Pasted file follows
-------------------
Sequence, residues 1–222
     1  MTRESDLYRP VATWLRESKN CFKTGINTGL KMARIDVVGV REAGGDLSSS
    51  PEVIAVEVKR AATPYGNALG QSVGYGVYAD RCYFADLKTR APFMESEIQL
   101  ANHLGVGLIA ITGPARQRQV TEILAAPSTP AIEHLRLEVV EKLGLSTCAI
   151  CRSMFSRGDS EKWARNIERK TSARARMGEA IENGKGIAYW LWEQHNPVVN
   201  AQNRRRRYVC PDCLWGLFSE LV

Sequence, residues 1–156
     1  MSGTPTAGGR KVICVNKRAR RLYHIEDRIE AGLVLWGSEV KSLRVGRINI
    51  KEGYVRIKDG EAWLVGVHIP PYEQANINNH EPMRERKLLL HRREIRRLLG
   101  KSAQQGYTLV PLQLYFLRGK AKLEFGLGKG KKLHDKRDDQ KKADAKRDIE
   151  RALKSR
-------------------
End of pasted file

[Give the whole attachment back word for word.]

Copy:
Sequence, residues 1–222
     1  MTRESDLYRP VATWLRESKN CFKTGINTGL KMARIDVVGV REAGGDLSSS
    51  PEVIAVEVKR AATPYGNALG QSVGYGVYAD RCYFADLKTR APFMESEIQL
   101  ANHLGVGLIA ITGPARQRQV TEILAAPSTP AIEHLRLEVV EKLGLSTCAI
   151  CRSMFSRGDS EKWARNIERK TSARARMGEA IENGKGIAYW LWEQHNPVVN
   201  AQNRRRRYVC PDCLWGLFSE LV

Sequence, residues 1–156
     1  MSGTPTAGGR KVICVNKRAR RLYHIEDRIE AGLVLWGSEV KSLRVGRINI
    51  KEGYVRIKDG EAWLVGVHIP PYEQANINNH EPMRERKLLL HRREIRRLLG
   101  KSAQQGYTLV PLQLYFLRGK AKLEFGLGKG KKLHDKRDDQ KKADAKRDIE
   151  RALKSR